The material on this site is for financial institutions, professional investors and their professional advisers. It is for information only. Please read our Terms & Conditions, Privacy Policy and Cookies before using this site. Please see our Subscription Terms and Conditions.

All material subject to strictly enforced copyright laws. © 2022 Euromoney, a part of the Euromoney Institutional Investor PLC.

Are hedge fund listings past their sell-by date?

Investors will still want access to the best-run funds.

The IPO of Third Point’s feeder fund on the London Stock Exchange has got tongues wagging about whether or not the hedge fund listing phenomenon has run its course.

Hedge fund darling Dan Loeb listed the fund in July, raising $525 million. The stated target had been $690 million, and many in the industry have been quick to point to the listing as a failure. One theory being bandied about is that sub-prime woes are deterring investors; other market observers are claiming that the novelty value of hedge fund listings has worn off and investors are losing interest.

Both are reasonable explanations for the fund missing the stated target, but it’s incorrect to call the Third Point IPO a failure. After all, stated targets are rarely what the manager is hoping to raise. Hedge funds are often urged to list in their prospectuses a higher than necessary target in order to keep investors happy in case interest is much higher than expected and shareholders find their positions diluted. The Brevan Howard listing of its BH Macro fund is a prime example. It raised €770 million, but had put a maximum target of €1.5 billion in its marketing briefs. The market was quick to call it a failure but the managers were more than happy with the amount raised and the resulting diversification of their investor base. What is more, BH Macro has been performing well. Its net asset value per share is up more than 3% since the listing in March.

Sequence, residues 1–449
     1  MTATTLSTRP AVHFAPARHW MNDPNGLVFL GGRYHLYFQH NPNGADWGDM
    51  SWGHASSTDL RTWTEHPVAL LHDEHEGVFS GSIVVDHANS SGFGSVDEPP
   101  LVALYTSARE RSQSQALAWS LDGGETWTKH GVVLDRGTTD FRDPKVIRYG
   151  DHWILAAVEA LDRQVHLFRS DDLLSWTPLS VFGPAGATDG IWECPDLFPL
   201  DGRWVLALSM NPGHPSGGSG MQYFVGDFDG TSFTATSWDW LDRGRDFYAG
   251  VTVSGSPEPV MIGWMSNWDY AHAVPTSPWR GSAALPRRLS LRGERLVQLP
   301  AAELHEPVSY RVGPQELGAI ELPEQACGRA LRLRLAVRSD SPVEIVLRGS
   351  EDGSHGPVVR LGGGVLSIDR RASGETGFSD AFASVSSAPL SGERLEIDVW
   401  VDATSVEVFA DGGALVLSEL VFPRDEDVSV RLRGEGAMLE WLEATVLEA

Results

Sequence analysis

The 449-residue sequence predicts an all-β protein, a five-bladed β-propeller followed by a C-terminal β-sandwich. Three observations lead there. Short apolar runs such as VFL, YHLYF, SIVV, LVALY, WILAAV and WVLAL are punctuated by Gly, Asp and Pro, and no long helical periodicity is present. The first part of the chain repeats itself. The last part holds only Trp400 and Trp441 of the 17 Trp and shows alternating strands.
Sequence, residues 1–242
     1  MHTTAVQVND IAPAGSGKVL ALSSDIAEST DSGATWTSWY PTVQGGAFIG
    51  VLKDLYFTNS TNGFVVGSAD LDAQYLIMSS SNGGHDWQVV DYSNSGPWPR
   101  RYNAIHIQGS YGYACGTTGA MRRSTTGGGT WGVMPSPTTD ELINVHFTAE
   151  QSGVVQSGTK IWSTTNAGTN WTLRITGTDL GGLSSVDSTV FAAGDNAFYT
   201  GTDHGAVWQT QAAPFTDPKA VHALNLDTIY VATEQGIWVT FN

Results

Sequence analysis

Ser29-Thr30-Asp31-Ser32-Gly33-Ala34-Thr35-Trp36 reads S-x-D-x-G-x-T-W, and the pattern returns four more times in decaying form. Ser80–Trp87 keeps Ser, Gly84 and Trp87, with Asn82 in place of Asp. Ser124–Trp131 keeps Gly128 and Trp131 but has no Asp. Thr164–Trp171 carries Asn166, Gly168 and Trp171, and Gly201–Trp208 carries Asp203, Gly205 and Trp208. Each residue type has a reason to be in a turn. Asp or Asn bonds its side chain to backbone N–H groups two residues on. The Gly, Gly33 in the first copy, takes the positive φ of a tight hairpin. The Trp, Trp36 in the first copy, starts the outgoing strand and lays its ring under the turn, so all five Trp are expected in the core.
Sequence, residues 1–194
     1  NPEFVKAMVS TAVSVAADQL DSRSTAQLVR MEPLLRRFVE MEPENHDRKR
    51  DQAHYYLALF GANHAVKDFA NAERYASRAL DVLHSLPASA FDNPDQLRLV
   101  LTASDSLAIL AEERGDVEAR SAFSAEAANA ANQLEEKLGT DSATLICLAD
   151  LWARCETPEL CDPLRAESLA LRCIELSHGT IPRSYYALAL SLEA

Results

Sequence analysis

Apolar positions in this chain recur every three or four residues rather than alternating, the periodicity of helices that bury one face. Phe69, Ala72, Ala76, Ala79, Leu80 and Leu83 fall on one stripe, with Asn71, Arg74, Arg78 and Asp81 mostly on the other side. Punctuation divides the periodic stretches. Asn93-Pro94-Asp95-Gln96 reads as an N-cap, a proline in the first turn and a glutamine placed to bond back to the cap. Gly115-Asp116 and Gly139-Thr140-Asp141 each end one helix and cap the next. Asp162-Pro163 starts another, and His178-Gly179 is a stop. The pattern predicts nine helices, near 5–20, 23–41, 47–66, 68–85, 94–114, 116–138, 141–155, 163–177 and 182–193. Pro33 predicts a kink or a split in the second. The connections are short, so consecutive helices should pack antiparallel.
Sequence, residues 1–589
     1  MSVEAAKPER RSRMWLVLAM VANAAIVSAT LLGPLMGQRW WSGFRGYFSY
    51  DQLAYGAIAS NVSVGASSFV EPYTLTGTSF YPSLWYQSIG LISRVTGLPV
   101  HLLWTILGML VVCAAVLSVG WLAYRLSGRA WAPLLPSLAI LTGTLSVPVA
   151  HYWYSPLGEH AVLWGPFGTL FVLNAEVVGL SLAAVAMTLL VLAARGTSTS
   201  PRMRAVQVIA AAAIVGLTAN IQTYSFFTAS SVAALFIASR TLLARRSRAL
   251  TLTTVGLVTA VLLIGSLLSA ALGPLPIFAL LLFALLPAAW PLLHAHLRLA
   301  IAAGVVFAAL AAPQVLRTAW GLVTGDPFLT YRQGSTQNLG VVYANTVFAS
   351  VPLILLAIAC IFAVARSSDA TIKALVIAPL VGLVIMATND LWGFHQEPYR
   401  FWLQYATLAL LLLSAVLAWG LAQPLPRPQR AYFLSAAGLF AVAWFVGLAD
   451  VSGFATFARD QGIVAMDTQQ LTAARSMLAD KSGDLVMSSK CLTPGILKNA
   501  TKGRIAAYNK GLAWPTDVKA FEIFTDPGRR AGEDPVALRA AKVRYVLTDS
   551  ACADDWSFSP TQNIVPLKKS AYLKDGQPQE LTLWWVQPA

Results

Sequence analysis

However, there is some value in the argument that as time goes on, hedge fund listings might be less successful in raising capital. Their appeal to investors is clearly that they offer exposure to funds that are hard to access directly or have closed to new capital. If 20 or so funds are listed, this attraction will obviously diminish. Investors have a selection of funds to access. That said, in the case of the Third Points and Brevan Howards of this world, it is hard to see that investors would not want a piece of the pie. These are hugely successful funds, with solid returns, run by highly regarded management teams. As investors increase their hedge fund allocations, such funds should have no problem raising capital in the public markets. If they raise $120 million less than their maximum targets, as Third Point did, it isn’t the end of the world.

We use cookies to provide a personalized site experience.
By continuing to use & browse the site you agree to our Privacy Policy.
I agree